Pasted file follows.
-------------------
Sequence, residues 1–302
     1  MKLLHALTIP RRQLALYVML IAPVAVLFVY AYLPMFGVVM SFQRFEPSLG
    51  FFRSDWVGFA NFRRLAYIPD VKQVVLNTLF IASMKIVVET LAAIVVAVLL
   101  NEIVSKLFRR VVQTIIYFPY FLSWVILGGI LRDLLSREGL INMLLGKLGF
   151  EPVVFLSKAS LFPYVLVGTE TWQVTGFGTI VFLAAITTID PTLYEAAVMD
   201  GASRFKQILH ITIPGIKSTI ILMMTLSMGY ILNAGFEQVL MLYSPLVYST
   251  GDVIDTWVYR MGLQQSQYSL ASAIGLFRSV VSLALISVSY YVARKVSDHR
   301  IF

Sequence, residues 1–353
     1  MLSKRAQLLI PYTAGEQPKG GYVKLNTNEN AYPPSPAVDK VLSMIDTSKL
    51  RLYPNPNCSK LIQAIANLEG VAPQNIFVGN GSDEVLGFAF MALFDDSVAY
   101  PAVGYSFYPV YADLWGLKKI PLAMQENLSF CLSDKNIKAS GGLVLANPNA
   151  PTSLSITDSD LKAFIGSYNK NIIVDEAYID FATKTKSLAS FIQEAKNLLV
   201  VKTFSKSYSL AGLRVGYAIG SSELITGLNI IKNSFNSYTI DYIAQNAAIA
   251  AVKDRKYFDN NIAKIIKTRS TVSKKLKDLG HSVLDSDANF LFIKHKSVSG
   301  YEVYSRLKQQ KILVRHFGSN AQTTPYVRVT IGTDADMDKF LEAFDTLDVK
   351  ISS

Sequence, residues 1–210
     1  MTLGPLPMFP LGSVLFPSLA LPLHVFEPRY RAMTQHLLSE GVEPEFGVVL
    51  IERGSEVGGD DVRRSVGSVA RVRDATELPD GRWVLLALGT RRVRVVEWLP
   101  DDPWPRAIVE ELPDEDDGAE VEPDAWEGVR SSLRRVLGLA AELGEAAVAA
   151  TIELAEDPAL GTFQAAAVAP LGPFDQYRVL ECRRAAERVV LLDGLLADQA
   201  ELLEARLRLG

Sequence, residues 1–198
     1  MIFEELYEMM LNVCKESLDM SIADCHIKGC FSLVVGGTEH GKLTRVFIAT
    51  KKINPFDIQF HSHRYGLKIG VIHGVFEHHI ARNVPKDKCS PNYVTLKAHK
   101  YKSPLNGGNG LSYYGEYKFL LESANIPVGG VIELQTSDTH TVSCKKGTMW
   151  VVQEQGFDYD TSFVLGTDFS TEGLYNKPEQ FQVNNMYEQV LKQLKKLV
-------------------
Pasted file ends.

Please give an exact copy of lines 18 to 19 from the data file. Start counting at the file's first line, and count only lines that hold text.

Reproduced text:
Sequence, residues 1–210
     1  MTLGPLPMFP LGSVLFPSLA LPLHVFEPRY RAMTQHLLSE GVEPEFGVVL